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Are we facing an affordability crisis?

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Nila Sweeney
As rising interest rates and inflated property prices push the dream of owning a home out of reach of many ordinary Australians, the question must be asked: are we facing an affordability crisis?
                                  
Justin Wood, director of www.propertytoolbox.com.au, says that may well be the case.
 
“A recent survey conducted by Westpac revealed that one in three young Australians anticipate they would be permanently locked out of the housing market,” he says.
 
“There is no doubt that affordability has become an issue for young Australians. In recent years, they have been priced out of the market in some of the more desirable locations in our major cities. Sydney remains the most unaffordable city in Australia followed by Melbourne, Brisbane, Perth and Canberra.”
 
There are plenty of factors that have contributed to high levels of property growth over the years, including supply and demand issues that, Wood says, are still imbalanced.
 
“A large part of the problem is that the supply of new housing stock is insufficient to meet growing demand in our capital cities, and this shortage of supply pushes up prices,” Wood explains.
 
“Australia is one of the world’s most urbanised nations, with over three-quarters of our population living in major cities and the overwhelming majority in our five largest cities alone. This is why property in our inner cities continues to grow at faster rates than outer suburbs or regional Australia.”
 
According to ANZ Banking Group estimates, there was a shortage of more than 200,000 homes in 2009 and 250,000 properties in 2010.
 
Adding pressure to the national housing shortage is the fact that the way we live is also changing, with many people preferring to live alone. So, where 100 homes would have provided accommodation for 400 people two decades ago, 100 homes may only be sufficient to accommodate 150-200 people today.
 
“We also must take into consideration that Australia’s population is projected to grow in size from 22 million presently to 35 million people by 2050,” Wood says.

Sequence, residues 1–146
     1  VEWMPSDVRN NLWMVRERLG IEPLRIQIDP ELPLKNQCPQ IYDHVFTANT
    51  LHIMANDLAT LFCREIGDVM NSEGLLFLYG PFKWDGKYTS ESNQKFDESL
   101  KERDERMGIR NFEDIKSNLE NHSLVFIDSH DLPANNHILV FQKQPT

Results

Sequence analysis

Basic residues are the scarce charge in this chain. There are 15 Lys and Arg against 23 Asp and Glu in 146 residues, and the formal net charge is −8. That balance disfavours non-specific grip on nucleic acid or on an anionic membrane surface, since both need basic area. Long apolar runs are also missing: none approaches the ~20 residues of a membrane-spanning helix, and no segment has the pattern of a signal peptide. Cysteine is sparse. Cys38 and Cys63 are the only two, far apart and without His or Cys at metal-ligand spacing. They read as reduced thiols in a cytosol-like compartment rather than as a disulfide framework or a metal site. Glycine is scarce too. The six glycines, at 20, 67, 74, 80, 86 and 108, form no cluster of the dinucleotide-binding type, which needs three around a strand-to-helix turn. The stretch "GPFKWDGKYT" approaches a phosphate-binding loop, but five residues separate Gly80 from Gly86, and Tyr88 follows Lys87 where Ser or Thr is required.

“Current available supply will continue to tighten over the coming years, especially in areas close to our major cities.With these factors continuing to put pressure on property prices affordability will almost certainly get worse. In the not too distant future, owning property may no longer be seen as a national right but a privilege.”
 
The good news for young Australians looking to get into the property market is that property prices “will not continue to see the same rates of high growth as we have seen over the last few decades”, Wood says.
 
“The bad news is, I don’t believe prices will fall,” he adds. “This is great because our risk as borrowers and investors will decrease. The better our cash flow, the more willing the banks will lend and lowers the chance you will be forced to sell your home or investment because you fall under mortgage stress.”
 
So ultimately, what does this mean if you want to buy your own home in the next few years? For many, buying a property on their own is going to be impossible or very difficult.
 
“You could consider buying a property with the intention of renting out one or even two of your spare rooms to help pay off your mortgage. We have seen this successfully done with Gen Y buyers renting out spare bedrooms to their close friends,” Woods says.
 
“As with all generations past and present, the ability to own your own home will mean making personal and financial sacrifices.”

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